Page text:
HC upholds order holding bishop guilty of contempt of court
Madras High Court Saturday upheld a single judge`s order holding a bishop guilty of contempt of court.
Chennai: Madras High Court Saturday upheld a single judge`s order holding a bishop guilty of contempt of court, but said its directive to him "to seek pardon from the source in whose jurisdiction he has faith" was a clear case of punishment.
The First Bench comprising acting Chief Justice Sathish K Agnihotri and Justice K K Sasidharan stated this allowing a contempt appeal by Rt Reverend Dr H A Martin, Bishop of Tamil Evanegelical Lutheran Church, Tiruchirapalli, against the single judge`s order, holding him liable for his contemptuous act and directing him "to take pardon from divine faith."
It said the contempt appeal is directed against the September 6 2013 order of a single judge holding Martin guilty of contempt but which refrained from imposing punishment. Its direction permitting him to "seek pardon from the source in whose jurisdiction the contemnor has faith" is a clear case of punishment, the bench said.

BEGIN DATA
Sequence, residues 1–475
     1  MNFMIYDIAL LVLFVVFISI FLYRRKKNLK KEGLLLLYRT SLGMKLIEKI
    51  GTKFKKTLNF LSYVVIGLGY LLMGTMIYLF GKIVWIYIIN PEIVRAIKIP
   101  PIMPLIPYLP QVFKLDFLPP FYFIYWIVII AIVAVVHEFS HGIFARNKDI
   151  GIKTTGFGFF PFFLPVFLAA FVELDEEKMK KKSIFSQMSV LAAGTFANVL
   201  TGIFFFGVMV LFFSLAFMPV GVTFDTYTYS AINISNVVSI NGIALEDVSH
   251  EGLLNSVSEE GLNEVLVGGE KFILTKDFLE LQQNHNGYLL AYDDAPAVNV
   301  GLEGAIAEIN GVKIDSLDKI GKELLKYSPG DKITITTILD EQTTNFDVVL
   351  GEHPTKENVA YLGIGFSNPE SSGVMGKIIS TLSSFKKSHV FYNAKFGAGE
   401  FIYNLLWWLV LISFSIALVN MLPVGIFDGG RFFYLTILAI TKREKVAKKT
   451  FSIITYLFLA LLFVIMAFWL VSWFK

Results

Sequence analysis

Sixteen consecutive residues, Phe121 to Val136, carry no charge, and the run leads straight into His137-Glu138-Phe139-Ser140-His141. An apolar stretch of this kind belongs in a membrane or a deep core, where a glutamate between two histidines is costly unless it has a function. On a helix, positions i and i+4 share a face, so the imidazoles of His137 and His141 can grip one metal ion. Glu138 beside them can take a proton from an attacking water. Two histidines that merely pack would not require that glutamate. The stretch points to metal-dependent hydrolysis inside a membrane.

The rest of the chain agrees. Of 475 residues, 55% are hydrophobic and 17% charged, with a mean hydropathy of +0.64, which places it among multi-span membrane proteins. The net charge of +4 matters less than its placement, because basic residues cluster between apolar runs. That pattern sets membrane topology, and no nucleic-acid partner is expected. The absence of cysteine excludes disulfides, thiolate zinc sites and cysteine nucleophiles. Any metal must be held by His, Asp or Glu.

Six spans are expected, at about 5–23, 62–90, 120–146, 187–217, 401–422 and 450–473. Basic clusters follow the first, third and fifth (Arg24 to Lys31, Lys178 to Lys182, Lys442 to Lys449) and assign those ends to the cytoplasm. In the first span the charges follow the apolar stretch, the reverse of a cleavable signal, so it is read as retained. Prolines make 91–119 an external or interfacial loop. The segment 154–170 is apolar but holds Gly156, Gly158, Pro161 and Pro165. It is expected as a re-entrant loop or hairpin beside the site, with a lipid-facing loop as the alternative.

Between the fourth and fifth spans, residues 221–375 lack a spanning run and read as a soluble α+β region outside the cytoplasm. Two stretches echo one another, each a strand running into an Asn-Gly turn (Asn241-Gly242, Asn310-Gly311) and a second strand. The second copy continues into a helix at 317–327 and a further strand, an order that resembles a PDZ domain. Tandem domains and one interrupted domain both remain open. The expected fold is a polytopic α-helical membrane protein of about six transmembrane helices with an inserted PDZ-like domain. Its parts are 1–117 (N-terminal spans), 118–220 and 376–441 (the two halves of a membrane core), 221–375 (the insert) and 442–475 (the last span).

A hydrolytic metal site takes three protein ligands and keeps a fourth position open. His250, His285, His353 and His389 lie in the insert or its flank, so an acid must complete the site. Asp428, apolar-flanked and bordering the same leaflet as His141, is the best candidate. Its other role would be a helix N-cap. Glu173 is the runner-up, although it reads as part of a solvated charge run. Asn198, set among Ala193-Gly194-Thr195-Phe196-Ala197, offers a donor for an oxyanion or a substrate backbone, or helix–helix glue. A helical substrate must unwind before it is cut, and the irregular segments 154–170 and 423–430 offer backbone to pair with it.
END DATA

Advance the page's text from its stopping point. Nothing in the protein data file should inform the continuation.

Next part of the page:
The bench while deciding on the moot question whether the order holding Martin guilty of contempt of court and punish him for his contemptuous act and thereafter issue him the directive, said the single judge`s order enables him to file a statutory appeal under the Contempt of Courts Act and said the appeal under the act is maintainable.
It noted the Tamil Evangelical Lutheran Church is very much in news now for the wrong reasons and there is infighting between the faction led by Martin and E D Charles.
In litigations filed over elections to the church, the bishop notwithstanding the directive by single judge that the meeting be convened jointly by him, Charles and the court appointed Administrator, had convened an extra ordinary general body meeting on 26 and 27 April 2013 without consulting others.
So Charles filed a contempt petition against Martin. The single judge found the bishop guilty of contempt as he had thrown the confidence of the Administrator to the winds by "dubious" methods and said his action was nothing but a clear, unambiguous and tortuous violation of its directive.
The judge said that by closing the central office and thereby preventing the administrator from handing over charge to the newly elected body, the Bishop had not only disobeyed the directive but also interfered in administration of justice and held him liable for punishment, but only imposed fine and sentence and directed to take pardon from the divine faith.